Players vigorously swung their rackets in 29 games, sending featherlike shuttlecocks — also known as birdies — flying back and forth over five courts at home in PCC’s Hutto-Patterson Gym, resulting in a decisive season-opening win for the Lancers against the El Camino Warriors, 17-4, on Friday.
All 10 Lancers were in fighting form against the five Warriors players. Six players per team are required in an intercollegiate game; not having the minimum number of players forced the Warriors to forfeit a total of 5 points. The energetic match lasted just over two hours and featured many one-sided wins and harder-fought scores.
In singles, the Lancers’ easy wins were served up by second-year players Xiaoming Yao, 21-1, and Jessica Lee, 21-3. Three new players also turned in notable scores, including Sophia Nguyen, 21-3; Rose Huynh, 21-5; and Huyen Diep, with consecutive 21-10 wins in her only game.
Doubles opened with big back-to-back 21-5 wins by partners Yao and Nguyen. Lee and her new partner, Nicole Ching, were forced into playing a tie-breaking game, achieving a high score of 21-9 in the first round. They also took a 21-16 loss in each round, but rallied to win with close final scores, 21-18 in the first round, and 25-21 in the second. With that, the Warriors’ battle was defeated by spirited Lancer skill.
Before the match, PCC head coach Jennifer Ho watched her team practice singles, doubles, and prepare score sheets.
“I don’t like to lose. Let’s put it that way,” she said with a laugh. “The team bonding is number one for me. It takes a team to win it, and you all need to help each other. I am very proud of them.”
Ho has been on a winning streak since joining the team in 2015, including two consecutive state championships as of 2018. Her two returning players, Yao and Lee, work closely with the new players on technique and personal interaction.
“When I play doubles, I have a partner and we can talk about strategies,” said Yao, an architecture and engineering major. “For singles, I need to go anywhere.”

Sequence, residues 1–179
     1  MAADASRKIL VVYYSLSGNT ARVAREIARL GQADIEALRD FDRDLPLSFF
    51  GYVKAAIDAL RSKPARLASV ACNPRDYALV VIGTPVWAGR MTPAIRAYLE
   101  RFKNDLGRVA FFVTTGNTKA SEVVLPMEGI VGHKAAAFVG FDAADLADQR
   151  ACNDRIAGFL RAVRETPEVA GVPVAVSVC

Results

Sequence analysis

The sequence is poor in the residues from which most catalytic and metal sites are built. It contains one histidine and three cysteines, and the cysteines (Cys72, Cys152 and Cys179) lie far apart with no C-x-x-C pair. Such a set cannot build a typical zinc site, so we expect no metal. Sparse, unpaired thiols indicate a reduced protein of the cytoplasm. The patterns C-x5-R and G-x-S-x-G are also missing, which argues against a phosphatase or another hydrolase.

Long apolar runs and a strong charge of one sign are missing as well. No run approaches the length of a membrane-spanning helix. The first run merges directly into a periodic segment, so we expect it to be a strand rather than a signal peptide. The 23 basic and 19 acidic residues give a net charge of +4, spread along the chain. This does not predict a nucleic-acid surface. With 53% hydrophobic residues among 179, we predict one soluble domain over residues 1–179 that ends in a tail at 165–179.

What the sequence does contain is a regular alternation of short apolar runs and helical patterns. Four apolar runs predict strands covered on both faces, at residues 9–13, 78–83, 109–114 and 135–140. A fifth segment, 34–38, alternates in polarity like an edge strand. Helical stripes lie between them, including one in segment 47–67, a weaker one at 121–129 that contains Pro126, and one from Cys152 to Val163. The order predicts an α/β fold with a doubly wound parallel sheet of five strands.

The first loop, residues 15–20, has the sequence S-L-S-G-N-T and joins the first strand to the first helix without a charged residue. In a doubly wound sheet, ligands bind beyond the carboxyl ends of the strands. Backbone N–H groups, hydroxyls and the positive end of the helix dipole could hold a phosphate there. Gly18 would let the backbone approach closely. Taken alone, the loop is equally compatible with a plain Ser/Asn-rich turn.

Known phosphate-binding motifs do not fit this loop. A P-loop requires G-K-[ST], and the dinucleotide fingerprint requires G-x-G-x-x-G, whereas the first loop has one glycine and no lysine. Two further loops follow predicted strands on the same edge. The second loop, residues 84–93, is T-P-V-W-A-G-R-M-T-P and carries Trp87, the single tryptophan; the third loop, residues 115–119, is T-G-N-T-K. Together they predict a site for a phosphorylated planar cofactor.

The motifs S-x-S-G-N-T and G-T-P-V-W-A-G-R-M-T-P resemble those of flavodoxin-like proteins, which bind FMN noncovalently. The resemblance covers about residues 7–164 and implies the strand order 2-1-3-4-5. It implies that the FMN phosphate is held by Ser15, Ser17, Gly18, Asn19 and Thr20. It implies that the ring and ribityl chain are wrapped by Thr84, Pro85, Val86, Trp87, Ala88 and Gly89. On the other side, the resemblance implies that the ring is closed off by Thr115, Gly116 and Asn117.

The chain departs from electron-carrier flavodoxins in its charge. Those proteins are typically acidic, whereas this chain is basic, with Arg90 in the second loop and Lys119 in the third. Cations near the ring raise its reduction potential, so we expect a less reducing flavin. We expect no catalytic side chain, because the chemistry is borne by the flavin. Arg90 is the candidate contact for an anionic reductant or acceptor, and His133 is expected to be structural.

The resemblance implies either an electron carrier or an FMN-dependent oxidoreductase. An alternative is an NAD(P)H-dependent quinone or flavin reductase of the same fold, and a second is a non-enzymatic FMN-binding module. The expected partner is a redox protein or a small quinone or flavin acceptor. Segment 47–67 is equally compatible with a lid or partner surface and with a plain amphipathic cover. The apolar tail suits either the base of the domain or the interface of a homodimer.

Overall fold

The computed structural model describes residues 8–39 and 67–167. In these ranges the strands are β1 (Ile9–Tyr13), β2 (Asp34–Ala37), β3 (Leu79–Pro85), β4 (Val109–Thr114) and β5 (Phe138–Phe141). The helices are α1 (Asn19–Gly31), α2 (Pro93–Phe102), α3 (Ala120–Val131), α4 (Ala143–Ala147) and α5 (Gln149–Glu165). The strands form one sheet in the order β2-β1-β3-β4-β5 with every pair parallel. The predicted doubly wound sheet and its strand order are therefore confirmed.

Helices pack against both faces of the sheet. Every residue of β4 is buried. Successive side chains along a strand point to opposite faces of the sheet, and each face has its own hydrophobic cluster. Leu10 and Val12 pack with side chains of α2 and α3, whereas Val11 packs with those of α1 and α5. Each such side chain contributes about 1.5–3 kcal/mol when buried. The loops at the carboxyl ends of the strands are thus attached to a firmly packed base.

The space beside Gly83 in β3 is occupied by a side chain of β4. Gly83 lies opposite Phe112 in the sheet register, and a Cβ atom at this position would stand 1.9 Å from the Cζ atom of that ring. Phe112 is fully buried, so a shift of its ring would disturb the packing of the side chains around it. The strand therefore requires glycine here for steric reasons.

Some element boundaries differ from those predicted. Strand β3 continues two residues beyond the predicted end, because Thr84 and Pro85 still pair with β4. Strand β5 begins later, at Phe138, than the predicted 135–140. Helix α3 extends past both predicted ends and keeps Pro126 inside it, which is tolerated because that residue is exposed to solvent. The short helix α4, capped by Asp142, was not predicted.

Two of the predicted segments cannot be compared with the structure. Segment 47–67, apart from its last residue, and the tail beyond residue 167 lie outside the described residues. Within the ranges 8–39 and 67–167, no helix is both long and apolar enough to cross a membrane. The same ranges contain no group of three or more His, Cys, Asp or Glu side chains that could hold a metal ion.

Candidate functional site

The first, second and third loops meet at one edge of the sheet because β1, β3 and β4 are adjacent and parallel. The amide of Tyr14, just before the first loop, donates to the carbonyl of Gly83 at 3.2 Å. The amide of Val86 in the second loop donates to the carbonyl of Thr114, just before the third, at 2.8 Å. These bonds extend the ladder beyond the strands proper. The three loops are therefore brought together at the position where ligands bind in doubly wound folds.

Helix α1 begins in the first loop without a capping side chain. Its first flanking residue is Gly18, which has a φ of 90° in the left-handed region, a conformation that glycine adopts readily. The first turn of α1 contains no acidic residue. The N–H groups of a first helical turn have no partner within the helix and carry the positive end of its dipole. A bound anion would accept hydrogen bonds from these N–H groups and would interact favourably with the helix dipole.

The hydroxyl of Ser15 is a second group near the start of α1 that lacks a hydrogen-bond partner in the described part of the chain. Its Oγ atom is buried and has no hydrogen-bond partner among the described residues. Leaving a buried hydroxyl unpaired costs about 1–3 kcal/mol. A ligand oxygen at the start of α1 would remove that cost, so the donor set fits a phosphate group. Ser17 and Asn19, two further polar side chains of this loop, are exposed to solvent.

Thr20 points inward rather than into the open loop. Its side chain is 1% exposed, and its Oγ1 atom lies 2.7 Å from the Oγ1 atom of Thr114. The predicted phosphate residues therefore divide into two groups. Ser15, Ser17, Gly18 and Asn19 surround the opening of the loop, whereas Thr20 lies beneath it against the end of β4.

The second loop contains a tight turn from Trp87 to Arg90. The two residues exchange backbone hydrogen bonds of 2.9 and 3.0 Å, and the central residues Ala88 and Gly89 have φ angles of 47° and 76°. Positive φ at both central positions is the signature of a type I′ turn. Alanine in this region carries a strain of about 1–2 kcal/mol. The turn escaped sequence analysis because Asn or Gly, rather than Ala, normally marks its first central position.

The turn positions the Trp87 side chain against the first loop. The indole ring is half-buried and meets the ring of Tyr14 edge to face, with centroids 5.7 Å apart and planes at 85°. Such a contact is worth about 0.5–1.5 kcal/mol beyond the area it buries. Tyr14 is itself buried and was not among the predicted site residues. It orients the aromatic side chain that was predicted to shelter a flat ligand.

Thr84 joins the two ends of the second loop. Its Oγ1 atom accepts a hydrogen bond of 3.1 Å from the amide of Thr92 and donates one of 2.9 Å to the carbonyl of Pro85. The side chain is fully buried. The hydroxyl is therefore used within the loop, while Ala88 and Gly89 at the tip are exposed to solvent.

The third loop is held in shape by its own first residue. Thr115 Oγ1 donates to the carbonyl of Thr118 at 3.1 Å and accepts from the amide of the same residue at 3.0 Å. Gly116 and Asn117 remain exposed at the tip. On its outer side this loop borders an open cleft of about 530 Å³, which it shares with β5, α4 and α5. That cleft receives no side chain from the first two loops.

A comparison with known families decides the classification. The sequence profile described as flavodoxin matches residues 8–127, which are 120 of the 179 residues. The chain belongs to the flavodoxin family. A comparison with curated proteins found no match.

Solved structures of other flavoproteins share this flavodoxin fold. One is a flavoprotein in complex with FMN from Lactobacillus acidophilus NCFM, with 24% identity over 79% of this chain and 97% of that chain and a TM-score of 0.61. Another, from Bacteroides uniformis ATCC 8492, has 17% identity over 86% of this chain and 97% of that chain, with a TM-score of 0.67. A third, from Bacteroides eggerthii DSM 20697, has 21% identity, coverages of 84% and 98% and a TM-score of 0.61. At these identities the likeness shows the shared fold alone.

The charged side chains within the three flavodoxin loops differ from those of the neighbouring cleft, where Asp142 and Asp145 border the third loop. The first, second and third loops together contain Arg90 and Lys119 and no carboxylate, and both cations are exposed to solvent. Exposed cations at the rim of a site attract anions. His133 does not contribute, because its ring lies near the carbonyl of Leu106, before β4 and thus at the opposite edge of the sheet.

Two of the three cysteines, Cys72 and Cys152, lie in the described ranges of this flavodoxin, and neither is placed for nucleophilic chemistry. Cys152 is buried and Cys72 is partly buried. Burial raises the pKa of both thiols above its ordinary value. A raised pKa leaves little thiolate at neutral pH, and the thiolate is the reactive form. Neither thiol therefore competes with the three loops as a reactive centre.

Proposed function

Lee, a computer science major, likes the competition and camaraderie.
“A sport is not just playing, it’s also meeting people and new experiences,” Lee said. Although the sport is small, it offers an advantage. “When you play badminton, you can’t really play by yourself. So there’s no point unless you make friends.”
Immediately after the match and final team handshake, happy Lancers helped clear equipment from the gym.
“They did pretty good at managing the game,” Ho said. “I’m very, very confident for them in the conference.”
The upcoming match against De Anza College in the Coast Conference is now on the team’s mind.
“We’re going to go back and talk more,” she said.
She will work closely with the new players as they prepare for their first appearance up in Cupertino in two weeks, March 15 to 16.
New Lancer Audrey Chia played a hard-fought tie-break in singles, which led to a 1 point gain by the Warriors. “Half bad, half good,” Chia said of that game. From the coach’s perspective, this is part of the sport.
“I want them to know that they have a chance to lose,” Ho said. “We always have to be consistent … We have to be prepared for everything.”
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